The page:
Compassionate Curiosity

Things often don't go the way we would like them to.  Whether at work or in our personal lives, people say and do things that we find irritating, frustrating or even hurtful.  When this happens we may experience varying degrees of psychological, emotional and even physical pain.  While pain is a given in life, suffering doesn't have to be.  Suffering  is the layer of resistance we create in reaction to this pain and discomfort.  It typically takes the form of anger, frustration, confusion and despair.  While it may sound lofty or overly spiritual, compassion is actually an empowering leadership skill and powerful antidote to this type of suffering.

Practicing Compassion

Step 1: Get Curious

Ask yourself the following:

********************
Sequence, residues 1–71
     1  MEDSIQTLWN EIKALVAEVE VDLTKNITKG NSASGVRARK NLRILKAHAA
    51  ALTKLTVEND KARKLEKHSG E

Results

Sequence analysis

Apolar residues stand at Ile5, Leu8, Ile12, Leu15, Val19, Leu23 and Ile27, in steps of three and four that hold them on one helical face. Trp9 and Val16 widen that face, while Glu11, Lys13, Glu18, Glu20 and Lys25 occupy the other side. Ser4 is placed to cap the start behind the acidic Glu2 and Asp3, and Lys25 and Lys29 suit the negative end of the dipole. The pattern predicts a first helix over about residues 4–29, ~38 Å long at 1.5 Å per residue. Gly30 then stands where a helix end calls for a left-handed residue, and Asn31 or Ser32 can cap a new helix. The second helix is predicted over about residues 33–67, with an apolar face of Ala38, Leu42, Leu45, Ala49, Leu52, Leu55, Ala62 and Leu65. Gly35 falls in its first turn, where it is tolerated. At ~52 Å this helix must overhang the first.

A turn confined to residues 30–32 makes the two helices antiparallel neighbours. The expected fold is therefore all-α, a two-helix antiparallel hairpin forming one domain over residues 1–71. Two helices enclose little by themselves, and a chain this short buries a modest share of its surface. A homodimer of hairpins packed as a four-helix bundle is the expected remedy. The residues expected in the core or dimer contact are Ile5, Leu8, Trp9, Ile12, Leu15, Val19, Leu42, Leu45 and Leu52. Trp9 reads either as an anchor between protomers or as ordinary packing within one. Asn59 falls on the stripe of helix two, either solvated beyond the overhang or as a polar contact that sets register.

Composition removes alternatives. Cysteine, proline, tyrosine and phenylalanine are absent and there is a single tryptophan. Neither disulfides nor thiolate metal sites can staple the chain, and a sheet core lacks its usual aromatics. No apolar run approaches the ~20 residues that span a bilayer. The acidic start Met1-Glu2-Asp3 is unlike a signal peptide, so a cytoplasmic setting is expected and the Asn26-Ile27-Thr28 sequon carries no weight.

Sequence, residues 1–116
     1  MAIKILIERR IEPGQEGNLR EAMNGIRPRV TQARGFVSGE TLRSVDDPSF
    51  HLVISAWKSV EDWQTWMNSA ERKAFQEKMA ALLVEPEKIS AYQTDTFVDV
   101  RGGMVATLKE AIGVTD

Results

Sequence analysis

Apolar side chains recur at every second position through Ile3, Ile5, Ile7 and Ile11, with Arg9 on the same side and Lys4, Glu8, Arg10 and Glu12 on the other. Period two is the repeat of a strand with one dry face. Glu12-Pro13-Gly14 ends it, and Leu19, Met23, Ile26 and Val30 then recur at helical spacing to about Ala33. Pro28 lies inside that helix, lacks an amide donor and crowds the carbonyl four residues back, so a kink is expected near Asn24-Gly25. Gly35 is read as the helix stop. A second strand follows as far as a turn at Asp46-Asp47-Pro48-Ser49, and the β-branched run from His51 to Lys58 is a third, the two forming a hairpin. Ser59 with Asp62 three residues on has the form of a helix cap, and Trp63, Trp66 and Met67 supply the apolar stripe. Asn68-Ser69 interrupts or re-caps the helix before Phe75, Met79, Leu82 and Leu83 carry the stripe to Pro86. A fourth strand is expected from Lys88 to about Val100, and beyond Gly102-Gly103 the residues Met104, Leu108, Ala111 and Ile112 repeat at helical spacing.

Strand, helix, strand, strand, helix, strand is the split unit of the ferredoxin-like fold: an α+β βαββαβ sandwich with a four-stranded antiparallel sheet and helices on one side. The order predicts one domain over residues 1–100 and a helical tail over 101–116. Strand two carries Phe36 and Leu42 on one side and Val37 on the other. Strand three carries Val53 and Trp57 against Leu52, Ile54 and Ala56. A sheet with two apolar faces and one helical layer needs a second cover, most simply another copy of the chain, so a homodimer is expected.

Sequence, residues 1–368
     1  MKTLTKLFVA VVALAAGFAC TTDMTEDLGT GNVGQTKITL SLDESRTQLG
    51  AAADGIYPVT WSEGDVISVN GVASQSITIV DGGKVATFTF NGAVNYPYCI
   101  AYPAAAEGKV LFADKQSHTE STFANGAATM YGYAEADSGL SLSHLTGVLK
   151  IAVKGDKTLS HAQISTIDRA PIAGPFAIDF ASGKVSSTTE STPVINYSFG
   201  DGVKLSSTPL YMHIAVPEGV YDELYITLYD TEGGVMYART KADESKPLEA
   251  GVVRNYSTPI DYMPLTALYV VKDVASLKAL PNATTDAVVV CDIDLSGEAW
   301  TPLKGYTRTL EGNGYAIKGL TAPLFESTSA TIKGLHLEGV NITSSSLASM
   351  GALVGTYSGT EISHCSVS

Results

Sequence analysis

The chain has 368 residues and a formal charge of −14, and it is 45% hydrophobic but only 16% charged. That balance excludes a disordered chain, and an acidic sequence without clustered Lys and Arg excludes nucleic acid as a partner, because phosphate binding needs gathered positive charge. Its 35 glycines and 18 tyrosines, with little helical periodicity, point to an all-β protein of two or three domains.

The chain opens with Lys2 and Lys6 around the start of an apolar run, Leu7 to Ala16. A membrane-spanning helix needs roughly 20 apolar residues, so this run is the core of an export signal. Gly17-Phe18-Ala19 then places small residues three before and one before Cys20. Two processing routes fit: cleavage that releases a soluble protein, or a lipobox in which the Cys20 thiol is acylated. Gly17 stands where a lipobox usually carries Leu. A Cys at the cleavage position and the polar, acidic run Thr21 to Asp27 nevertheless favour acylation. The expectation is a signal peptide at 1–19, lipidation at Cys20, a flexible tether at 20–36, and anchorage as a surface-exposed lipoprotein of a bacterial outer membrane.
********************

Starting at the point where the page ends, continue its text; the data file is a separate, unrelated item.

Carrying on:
1. Why is this person doing what they are doing?  What needs are they trying to meet?
  2. Do they appear skillful or unskillful at getting their need(s) met?  Do they seem peaceful or stressed?
  3. Can I remember a time when I was trying to meet those same needs?
  4. Can I remember a time when I was being unskillful at meeting this same needs?  If so, how did it feel for me?  Sensations?  Thoughts? Emotions?

Step 2: Be The Change

Slow down and consciously choose to be compassionate.  Empower yourself to be THE ONE  to bring understanding and compassion to the situation.  Do so unilaterally; don't wait for others to begin.  Do so because compassion will free YOU from negativity, confusion and drama.  Also, realize that just because you take the high road and respond with compassion doesn't mean that you can't assert yourself to get what you want in the situation.  Coming from a place of strength